The most dreadful abuse of independent prosecutorial authority was by Kenneth Starr, who investigated the Whitewater land deal that Bill and Hillary Clinton made during the 1970s, when Bill Clinton was on his upward trajectory through Arkansas politics. Their investment property became an issue during the 1992 presidential election and in the early days of the Clinton White House. A federal investigation found no wrongdoing by the president, and congressional investigations found little evidence of malfeasance. But, under political pressure, Attorney General Janet Reno asked that judicial panel to appoint an independent prosecutor. It picked one counsel, dumped him and then chose Starr.

Starr was a respected jurist, but he had never been a prosecutor, and it showed. He went wildly afield from Ozarks real estate, leading critics to liken him to crazed Inspector Javert in Les Misérables, who chases the musical's protagonist for decades for stealing a loaf of bread. At least the Frenchman stuck to baguettes. Starr delved into the suicide of Clinton counsel Vince Foster and even ensnared Arkansas's sitting governor, who had nothing to do with Whitewater, on an unrelated mail fraud charge. A breathless Starr also stuck his nose into a sexual harassment case that an Arkansas state employee, Paula Jones, brought against Bill Clinton when he was governor. A conservative activist planted a question about Monica Lewinsky into the Jones deposition, and the president's evasive answer eventually led to his impeachment. Clinton went on to serve the rest of his term, but it's little wonder Congress let the statute creating the independent counsel lapse in 1999. Which was fine with Starr: He later argued that the law that gave him his powers in this case was "constitutionally dubious" and "structurally unsound."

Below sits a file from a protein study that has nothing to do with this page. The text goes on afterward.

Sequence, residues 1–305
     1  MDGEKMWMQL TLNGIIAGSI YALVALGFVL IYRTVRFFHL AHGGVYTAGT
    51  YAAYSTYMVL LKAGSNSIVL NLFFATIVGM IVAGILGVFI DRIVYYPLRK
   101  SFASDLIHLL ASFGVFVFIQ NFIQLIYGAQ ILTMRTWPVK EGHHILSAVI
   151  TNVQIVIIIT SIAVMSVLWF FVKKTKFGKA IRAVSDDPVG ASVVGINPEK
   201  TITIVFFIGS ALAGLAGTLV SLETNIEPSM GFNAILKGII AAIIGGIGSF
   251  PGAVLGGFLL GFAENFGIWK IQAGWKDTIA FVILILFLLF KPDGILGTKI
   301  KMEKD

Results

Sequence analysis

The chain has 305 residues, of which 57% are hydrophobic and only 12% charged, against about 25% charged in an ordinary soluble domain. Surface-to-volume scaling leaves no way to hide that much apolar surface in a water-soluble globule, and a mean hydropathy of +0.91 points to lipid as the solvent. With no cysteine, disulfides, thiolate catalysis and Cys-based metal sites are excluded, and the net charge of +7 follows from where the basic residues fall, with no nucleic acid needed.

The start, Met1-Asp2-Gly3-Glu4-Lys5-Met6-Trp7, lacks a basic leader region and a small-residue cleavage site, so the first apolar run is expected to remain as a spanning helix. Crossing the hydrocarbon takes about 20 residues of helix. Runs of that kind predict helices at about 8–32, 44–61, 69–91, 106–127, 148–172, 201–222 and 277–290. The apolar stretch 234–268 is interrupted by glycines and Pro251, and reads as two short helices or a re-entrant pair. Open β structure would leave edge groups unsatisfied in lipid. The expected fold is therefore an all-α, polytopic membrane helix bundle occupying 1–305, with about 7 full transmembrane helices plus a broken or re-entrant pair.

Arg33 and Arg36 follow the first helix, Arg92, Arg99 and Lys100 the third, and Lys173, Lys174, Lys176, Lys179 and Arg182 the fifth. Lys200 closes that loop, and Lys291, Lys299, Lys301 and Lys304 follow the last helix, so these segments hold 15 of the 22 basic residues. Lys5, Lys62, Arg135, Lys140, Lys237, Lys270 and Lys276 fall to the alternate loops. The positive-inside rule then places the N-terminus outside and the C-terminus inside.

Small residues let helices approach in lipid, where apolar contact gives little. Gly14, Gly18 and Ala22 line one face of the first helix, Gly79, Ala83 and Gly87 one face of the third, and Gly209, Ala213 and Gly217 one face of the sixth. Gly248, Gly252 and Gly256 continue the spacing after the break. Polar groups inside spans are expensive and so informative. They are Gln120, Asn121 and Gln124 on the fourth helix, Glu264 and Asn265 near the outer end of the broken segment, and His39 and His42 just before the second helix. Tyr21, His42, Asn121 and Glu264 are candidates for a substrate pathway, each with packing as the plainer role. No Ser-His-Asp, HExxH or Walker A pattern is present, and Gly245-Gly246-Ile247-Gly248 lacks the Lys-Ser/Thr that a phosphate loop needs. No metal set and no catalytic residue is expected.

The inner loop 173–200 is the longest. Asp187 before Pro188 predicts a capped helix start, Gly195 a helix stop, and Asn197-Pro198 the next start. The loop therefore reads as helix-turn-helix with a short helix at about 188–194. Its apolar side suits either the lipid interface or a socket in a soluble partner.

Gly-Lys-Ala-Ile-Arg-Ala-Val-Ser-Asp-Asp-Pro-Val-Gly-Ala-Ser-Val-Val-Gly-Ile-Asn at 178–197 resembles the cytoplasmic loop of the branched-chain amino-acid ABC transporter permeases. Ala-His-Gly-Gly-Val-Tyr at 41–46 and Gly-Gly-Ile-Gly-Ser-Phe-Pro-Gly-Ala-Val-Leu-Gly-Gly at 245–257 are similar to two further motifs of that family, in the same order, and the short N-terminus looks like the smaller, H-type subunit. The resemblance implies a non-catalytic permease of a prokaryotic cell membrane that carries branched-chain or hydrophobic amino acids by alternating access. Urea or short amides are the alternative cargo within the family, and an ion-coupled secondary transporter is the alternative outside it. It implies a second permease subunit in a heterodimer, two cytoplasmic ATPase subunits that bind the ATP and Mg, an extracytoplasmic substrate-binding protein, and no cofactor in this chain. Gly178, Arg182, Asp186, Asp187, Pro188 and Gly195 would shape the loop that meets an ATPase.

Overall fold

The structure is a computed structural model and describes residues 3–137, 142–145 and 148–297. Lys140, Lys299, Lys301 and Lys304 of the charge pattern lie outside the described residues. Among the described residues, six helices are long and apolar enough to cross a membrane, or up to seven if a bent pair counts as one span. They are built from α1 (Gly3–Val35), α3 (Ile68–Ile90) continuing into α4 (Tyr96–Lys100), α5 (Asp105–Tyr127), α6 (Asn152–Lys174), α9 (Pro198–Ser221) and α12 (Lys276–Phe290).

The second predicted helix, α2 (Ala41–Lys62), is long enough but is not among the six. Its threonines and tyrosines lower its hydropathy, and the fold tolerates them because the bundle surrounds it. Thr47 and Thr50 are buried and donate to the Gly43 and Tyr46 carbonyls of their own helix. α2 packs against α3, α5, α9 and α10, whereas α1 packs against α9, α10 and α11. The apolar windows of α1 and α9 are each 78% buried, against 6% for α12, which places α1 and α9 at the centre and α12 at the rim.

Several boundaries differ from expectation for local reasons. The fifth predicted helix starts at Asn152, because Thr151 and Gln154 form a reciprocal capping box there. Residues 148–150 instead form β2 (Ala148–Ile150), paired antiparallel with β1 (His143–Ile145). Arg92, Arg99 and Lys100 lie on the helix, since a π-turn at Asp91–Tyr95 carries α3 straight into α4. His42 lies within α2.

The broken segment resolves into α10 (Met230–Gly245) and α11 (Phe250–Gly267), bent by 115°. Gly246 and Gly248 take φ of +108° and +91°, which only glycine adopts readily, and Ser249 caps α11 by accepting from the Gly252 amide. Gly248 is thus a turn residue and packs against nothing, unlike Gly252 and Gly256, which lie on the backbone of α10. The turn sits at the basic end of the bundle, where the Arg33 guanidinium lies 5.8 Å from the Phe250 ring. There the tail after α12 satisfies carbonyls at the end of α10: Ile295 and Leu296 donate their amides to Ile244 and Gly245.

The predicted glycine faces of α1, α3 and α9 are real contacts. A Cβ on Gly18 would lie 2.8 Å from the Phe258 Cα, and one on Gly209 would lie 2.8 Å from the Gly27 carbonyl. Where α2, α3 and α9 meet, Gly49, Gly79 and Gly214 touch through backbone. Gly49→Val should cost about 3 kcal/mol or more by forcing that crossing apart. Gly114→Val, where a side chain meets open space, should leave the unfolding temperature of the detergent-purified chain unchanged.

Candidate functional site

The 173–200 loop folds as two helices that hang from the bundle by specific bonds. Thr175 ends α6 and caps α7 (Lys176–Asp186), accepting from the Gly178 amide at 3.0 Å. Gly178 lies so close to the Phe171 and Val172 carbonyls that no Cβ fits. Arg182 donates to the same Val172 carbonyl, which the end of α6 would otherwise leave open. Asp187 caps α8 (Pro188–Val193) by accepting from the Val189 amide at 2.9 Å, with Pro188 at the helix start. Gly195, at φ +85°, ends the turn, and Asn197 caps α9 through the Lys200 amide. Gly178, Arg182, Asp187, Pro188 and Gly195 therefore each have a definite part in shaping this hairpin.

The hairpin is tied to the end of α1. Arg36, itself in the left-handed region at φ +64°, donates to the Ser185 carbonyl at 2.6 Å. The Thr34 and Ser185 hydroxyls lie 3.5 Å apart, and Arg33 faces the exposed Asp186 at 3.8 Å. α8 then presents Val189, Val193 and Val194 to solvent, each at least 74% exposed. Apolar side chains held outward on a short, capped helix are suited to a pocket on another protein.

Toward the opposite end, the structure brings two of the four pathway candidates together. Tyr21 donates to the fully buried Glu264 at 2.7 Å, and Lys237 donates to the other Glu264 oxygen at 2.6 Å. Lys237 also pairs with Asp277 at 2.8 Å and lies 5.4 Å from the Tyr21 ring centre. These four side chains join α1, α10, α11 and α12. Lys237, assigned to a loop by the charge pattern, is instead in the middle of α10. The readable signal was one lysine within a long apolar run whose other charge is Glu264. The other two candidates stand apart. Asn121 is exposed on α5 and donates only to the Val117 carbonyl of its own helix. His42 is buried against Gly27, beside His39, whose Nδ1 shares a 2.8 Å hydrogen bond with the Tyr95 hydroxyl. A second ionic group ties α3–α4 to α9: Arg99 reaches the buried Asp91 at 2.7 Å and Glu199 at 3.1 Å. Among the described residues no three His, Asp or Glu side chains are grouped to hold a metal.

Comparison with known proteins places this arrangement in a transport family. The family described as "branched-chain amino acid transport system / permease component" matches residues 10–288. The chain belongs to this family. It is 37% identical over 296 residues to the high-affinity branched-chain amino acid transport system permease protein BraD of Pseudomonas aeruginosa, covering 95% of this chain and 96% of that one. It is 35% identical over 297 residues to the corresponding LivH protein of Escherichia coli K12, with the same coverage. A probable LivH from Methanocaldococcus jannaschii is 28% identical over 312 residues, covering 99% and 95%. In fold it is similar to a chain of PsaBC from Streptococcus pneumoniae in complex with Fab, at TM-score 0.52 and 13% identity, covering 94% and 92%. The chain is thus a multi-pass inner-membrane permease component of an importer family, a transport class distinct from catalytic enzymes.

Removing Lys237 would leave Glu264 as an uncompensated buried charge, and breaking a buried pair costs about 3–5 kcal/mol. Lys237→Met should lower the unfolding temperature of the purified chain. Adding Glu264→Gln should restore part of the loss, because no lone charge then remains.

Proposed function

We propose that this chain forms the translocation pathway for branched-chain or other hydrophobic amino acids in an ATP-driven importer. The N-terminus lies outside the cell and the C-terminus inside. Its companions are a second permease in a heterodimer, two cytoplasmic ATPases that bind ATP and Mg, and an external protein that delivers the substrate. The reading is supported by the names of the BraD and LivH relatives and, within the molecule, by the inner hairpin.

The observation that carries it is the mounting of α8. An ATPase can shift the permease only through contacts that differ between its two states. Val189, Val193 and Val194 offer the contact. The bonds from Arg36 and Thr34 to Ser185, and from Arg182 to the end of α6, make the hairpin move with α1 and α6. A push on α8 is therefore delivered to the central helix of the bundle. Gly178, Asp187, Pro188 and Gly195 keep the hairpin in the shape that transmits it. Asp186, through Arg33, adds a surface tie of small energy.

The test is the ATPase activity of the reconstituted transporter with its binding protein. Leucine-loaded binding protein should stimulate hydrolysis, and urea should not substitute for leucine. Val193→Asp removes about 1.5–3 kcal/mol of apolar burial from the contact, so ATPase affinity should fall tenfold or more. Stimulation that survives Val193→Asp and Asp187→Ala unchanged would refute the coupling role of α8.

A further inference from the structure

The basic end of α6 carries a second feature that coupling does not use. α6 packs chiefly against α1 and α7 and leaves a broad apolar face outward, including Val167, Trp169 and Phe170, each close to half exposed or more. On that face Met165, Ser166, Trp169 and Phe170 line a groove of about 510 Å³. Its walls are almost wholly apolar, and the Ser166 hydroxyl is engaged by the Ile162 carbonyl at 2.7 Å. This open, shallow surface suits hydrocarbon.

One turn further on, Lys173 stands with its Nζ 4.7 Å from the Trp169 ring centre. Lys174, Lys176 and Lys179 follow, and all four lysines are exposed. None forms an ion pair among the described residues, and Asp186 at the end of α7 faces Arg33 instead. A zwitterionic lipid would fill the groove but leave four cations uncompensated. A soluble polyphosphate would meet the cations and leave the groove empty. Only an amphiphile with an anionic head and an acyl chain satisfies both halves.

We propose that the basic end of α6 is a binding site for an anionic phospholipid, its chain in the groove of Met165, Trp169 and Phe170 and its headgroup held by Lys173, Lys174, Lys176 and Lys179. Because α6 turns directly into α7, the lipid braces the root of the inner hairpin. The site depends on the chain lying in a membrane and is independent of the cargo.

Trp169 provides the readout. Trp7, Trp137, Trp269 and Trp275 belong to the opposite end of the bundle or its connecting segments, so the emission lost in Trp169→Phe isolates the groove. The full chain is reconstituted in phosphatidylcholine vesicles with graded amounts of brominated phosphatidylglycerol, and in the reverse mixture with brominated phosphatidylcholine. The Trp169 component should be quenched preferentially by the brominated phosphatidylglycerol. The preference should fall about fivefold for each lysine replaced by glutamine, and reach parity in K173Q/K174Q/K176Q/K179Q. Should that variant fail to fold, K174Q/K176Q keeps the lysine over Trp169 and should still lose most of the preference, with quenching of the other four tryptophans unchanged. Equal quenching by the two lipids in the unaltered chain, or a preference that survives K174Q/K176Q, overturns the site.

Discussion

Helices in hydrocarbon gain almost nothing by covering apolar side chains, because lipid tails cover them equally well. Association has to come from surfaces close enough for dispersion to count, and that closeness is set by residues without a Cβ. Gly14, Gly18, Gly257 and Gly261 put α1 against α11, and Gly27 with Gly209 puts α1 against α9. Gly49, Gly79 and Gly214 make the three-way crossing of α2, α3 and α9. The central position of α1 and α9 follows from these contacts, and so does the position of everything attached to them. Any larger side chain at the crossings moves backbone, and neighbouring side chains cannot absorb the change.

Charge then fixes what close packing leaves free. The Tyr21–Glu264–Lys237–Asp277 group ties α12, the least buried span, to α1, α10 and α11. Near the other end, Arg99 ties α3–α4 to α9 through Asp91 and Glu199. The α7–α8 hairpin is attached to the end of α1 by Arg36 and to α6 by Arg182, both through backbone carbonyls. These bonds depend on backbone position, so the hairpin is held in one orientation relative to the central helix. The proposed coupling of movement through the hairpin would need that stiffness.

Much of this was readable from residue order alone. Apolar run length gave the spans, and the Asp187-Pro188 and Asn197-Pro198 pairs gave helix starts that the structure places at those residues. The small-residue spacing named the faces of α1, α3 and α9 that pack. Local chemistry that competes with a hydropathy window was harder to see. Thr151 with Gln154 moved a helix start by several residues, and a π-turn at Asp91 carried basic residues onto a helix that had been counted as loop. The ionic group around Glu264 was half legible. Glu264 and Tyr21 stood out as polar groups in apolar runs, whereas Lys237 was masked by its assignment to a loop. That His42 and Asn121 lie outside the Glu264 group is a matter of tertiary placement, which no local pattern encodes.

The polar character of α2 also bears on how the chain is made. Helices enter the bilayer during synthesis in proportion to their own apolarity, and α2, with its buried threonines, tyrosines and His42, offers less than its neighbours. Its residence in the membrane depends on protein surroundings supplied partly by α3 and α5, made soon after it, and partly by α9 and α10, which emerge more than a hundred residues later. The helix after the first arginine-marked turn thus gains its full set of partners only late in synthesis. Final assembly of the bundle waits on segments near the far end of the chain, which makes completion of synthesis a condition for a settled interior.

Yellowcake Revenge

Trump Press
Donald Trump talks to reporters on August 6, 2015, in Cleveland, Ohio. Scott Olson/Getty

After the independent counsel law expired, Congress went back to the pre-1998 system, in which the Department of Justice appointed a special counsel, such as Watergate's Cox. That was true in the CIA leak case, which began in 2003, when conservative columnist Robert Novak outed Plame in his nationally syndicated column. The CIA was outraged and sent a criminal referral to the Justice Department.